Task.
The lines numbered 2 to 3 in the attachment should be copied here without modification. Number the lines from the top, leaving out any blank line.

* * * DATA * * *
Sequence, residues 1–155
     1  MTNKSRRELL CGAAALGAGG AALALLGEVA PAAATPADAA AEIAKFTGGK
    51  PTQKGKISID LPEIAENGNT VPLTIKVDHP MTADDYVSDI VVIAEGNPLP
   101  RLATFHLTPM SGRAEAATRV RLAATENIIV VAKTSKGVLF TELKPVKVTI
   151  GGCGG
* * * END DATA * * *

     1  MTNKSRRELL CGAAALGAGG AALALLGEVA PAAATPADAA AEIAKFTGGK
    51  PTQKGKISID LPEIAENGNT VPLTIKVDHP MTADDYVSDI VVIAEGNPLP